How to Protect North Texas Plants from Frost
The Texas freeze in February of 2021 caught many homeowners by surprise. Now that we have regained our power and water, we start to look around at the damage to our landscaping.
Try as they may, many of our beloved landscaping trees and bushes will not survive. The question we have been asked more than any other winter landscaping tip is what could have been done to better protect the plants for frost and freezing temperatures.
Below, we have outlined several options below in the hopes to help others know how to protect north Texas plants from frost in the future.
Should I Cover my Plants in the Winter?
Yes and No. Covering your plants is a great way to insulate them from freezing temperatures and frost damage. However, not all of your plants will need this protection.
In order to know which plants might need protection, it’s crucial that you know the hardiness of the plant. Don’t forget to ask your landscape designer about this before choosing and installing new plants because each plant has a temperature range of hardiness or expected survival. If you are expecting temperatures to fall below that hardiness temperature, it should absolutely be covered.
For example, a Windmill Palm tree is rated for hardiness zones 8-11. Each hardiness zone has a different temperature range, the lower the zone number, the lower the temperatures. Zone 8 corresponds to temperatures between 10-20 degrees Fahrenheit. What this means is that if you expect your temperature to fall close to or below 10-20 degrees, it should be covered until the temperature goes back up.
When covering your plants, anything is better than nothing. We recommend using material that provides coverage but still allows the plants to breathe. Examples of plant coverings are: burlap, frost blanket, landscaping fabric, drop cloth or bed sheets. If you will need to cover your plants for a long period of time, you should plan to secure the covering in place with stakes or string.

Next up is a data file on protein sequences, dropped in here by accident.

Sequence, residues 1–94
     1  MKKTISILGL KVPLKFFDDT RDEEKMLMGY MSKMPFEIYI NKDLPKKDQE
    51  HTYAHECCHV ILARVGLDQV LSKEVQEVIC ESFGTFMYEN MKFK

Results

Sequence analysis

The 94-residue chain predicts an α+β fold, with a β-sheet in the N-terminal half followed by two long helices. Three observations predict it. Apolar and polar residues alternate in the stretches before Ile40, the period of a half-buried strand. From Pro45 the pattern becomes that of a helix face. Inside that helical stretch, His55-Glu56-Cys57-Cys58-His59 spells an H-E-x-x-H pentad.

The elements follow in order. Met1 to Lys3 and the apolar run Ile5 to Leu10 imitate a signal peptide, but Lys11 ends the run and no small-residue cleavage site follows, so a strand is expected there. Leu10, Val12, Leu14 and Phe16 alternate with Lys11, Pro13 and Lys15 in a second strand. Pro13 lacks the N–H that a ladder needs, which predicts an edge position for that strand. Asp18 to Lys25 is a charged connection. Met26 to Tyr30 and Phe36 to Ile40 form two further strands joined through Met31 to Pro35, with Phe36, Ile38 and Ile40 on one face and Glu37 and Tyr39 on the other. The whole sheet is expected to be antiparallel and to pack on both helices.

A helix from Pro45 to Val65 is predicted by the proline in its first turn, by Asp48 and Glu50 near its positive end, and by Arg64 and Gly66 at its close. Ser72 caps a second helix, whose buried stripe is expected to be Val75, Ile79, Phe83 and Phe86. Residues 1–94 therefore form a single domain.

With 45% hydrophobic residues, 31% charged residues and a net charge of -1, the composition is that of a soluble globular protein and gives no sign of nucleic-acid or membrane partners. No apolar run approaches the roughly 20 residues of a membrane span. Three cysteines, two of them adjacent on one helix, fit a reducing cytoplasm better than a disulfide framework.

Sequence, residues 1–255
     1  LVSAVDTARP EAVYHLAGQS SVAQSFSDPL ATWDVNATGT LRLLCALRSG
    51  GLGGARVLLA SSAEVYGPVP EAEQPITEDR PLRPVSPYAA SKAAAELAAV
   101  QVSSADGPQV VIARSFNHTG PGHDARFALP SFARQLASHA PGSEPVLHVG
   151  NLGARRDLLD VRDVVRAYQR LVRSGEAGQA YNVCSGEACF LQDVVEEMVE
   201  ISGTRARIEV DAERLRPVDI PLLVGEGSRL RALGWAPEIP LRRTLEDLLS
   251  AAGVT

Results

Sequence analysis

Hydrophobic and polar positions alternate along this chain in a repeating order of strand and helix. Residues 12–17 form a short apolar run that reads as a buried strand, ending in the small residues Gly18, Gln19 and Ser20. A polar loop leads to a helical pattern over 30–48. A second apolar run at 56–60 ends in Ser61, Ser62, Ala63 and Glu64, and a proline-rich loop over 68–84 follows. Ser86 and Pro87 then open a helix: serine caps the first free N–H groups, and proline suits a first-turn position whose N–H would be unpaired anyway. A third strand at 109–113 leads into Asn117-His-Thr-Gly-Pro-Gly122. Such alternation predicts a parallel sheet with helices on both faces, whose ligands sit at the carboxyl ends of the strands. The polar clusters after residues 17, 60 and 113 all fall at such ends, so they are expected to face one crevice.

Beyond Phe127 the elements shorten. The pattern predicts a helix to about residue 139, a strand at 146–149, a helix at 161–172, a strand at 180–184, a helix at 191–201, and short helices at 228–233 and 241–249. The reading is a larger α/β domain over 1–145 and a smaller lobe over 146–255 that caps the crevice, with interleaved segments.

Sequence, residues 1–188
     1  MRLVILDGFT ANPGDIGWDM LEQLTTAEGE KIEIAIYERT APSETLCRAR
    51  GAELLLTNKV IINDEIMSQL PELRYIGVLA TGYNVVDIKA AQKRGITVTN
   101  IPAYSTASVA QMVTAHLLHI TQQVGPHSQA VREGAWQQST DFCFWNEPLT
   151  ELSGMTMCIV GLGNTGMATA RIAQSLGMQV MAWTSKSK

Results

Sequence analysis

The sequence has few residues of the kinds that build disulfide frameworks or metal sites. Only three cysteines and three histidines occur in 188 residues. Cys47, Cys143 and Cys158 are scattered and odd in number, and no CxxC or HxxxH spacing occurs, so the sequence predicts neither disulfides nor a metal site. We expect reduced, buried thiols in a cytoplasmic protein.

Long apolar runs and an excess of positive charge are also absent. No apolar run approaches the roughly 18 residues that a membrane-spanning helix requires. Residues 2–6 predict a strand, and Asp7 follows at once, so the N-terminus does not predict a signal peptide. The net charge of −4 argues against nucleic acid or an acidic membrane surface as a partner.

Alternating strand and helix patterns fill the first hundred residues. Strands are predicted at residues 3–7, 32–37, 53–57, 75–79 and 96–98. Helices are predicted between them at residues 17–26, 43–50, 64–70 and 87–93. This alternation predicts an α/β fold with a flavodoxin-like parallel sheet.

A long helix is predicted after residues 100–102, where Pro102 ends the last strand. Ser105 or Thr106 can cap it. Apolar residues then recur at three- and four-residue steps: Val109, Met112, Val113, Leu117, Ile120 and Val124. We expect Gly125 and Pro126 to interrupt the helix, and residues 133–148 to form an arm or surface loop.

What is the Best Way to Protect Plants from Freezing?
There are several things you can do to help shield your landscaping plants from freezing temperatures.
Adding mulch to your garden beds is an excellent way to insulate the root system of your plants from freezing temperatures. We recommend having a 2 inch layer of mulch installed around the base of your plant.
If possible, water your plants a day or two before a freeze. Providing them with this sustenance will give them additional strength for survival.
If your plants are winter-tender, they should be covered with a breathable fabric to insulate them from freezing temperatures.
How to Keep Potted Plants from Freezing Outside?
If you have winter tender plants in outdoor pots or a container garden, we recommend either bringing potted plants inside and/or covering them. If you have many outdoor pots, you might consider investing in a base with wheels for easy moving.
Can I Cover my Plants with a Blanket?
Yes, plants can be covered with a blanket or just about anything. The most important thing to consider is whether or not the blanket is breathable. We recommend using a cover that offers both insulation as well as air flow.
What Temperature is Too Cold for Plants?
Each plant has a different degree of cold tolerance, or hardiness. In order to know what temperature is too cold for the plant, you will need to know the particular hardiness range for that plant. That’s why we recommend installing Texas native plants and evergreen trees and shrubs because most are well suited for our region.
For example, the Hibiscus plant is rated for hardiness zones 10-11. The corresponding temperature for zone 10 is between 30-40 degrees Fahrenheit. Any temperature below 30 degrees or below would be too cold for the Hibiscus to survive.
While we can’t control Mother Nature, we can certainly take the necessary steps to help protect our precious landscaping from the lasting effects of freezing temperatures.
Know the cold tolerance for each of your plants. Keep your plants and landscaping beds mulched and watered. Pay close attention to upcoming freezing temperatures and be prepared to cover the plants that will need it.
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